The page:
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The Hiawatha School board met in special session Thursday morning via Zoom and are re-evaluating Wednesday’s decision to transition to remote learning at all three school buildings due to active COVID cases and quarantining primarily at the elementary.

After much discussion, the School Board set another meeting for 4 p.m. on Friday to allow Superintendent Lonnie Moser and other administrative staff to find solutions to staffing issues that would enable the district to reopen the middle school and high school to on-site learning. After reviewing the numbers, board members agreed that the majority of the concern over quarantining and positive cases was at the elementary school. Head nurse Erin Wenger confirmed 3 positive cases between the middle school and the high school.

In addition, the board voted unanimously to resume all sports and other activities, directing the Athletic Directors to attempt to reschedule events that were canceled following Wednesday’s announcement of a transition to remote learning throughout the district until Oct. 12.

HES nurse Whitney McCauley informed the board that 19 students were out due to exposure or symptoms and 47 additional were out for quarantine due to exposure at the school. She said this was 26 percent of the school. As of Thursday, 14 staff members were also out including 11 certified staff in quarantine. There were two positive students and three positive staff members as of Wednesday.

Wenger informed the board that 14 students were out from the middle school and 13 from the high school due to pending COVID tests, exposure, self quarantine or other reasons. She said the two positive cases at the elementary will have some impact once contact tracing is completed. Out of all HMS and HHS teachers, three were out as of Wednesday for COVID-related issues.

Superintendent Lonnie Moser said the decision was made Wednesday to transition to remote learning for all three schools because there simply was not enough staff to cover the 11 certified staff in quarantine. He said those not with symptoms can teach their class remotely, but each class needs a “proctor” or a staff member able to facilitate the learning in the classroom.

On Wednesday, as numerous teachers were gone, other staff from administrative positions and the middle and high schools had to be pulled over to manage classrooms at the elementary. Moser said that many other teachers in the district have elementary age children and would need to stay home with them. Due to the COVID-Relief Act, the district cannot restrict this.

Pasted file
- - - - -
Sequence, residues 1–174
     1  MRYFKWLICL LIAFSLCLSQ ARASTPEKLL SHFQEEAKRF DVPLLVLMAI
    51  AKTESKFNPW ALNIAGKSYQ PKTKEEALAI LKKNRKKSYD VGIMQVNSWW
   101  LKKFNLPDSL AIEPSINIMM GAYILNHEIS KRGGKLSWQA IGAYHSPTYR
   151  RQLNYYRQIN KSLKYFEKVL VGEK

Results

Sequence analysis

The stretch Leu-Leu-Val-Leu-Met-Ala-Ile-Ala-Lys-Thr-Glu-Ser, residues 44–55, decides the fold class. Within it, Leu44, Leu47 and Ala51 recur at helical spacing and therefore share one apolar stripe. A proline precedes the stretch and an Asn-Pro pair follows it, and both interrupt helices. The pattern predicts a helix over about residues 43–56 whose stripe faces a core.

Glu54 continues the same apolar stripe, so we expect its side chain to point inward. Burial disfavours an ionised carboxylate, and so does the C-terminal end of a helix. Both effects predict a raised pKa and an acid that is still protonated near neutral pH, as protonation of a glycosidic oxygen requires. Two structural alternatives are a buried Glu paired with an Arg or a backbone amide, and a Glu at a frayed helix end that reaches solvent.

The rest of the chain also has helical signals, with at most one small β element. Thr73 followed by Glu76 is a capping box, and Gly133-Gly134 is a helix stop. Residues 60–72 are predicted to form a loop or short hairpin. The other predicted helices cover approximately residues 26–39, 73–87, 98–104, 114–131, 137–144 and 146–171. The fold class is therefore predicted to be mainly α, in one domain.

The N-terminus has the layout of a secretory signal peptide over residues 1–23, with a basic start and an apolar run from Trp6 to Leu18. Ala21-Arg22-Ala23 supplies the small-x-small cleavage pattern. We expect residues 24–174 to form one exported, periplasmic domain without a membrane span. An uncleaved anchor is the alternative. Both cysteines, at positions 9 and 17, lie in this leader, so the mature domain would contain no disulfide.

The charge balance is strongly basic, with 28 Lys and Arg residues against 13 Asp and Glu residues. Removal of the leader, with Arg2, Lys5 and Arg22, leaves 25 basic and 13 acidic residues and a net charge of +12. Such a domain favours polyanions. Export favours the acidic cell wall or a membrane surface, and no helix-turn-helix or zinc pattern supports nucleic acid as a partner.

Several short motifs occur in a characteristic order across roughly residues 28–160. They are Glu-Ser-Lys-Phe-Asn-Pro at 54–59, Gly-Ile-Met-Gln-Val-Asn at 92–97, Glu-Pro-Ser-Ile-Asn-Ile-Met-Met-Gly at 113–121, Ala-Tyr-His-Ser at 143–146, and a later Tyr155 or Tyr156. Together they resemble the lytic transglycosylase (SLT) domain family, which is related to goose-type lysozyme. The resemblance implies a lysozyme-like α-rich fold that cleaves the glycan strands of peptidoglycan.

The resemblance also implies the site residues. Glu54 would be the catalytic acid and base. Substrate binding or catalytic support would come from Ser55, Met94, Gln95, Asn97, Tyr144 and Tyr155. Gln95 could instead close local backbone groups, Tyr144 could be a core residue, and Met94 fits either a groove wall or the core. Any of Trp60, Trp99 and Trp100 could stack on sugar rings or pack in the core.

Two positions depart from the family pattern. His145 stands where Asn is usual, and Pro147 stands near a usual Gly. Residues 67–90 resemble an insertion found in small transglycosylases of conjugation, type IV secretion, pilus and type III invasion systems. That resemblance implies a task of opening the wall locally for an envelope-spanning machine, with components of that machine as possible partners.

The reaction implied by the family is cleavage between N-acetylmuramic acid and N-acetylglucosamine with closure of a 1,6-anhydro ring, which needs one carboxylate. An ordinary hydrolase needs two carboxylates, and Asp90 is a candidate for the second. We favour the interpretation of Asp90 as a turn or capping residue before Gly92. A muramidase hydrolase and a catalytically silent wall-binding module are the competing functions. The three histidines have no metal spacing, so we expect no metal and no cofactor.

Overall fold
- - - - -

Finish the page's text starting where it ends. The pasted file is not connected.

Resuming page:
Wenger told the board that while the county and state health departments did not shut down the school buildings, they were supportive of the decisions made to transition to remote learning due to the quarantining issues and positive cases.

Board members shared concerns from parents about why this decision was affecting all three schools and offered alternative ideas to reinstating on-site learning at least at the middle and high school levels.

Board member Ian Schuetz said he has had concern from parents who want to know how the concern leapt from the elementary to middle and high schools so quickly, causing both to transition to remote learning as well.

Moser said the administrative team looked at the district as a whole and determined there were 32 staff members who had links to the elementary school and wondered how they would be able to fully perform in-person learning with such low staff numbers. He also noted that the district was extremely low on substitute teachers to help out.

“If became a staffing issue, they were unavailable due to COVID, even if they don’t have COVID themselves,” he said.

Some administrators voiced a concern about having staff go from building to building — possibly increasing exposure to COVID.

The board members also discussed athletics and activities, noting that cases were low at the middle and high schools, so they felt there was not any need to restrict those activities.

Athletic Director Kim Lillie said she had already worked to cancel all activities within the next two week period and would have to move quickly to get as much rescheduled as possible. As of Thursday afternoon, cross country and middle school cross country competitions were reinstated on the schedule as was Friday night’s football game with Rock Creek.

Board members asked Moser and the other administrators to work on determining solutions for staff who may need to be gone due to having an elementary school age child out for remote learning and bring answers back to them on Friday in hopes of reviewing the decision to have the entire district on remote learning. The board set a special meeting for noon on Friday, which will be aired on the district’s YouTube channel via Zoom.

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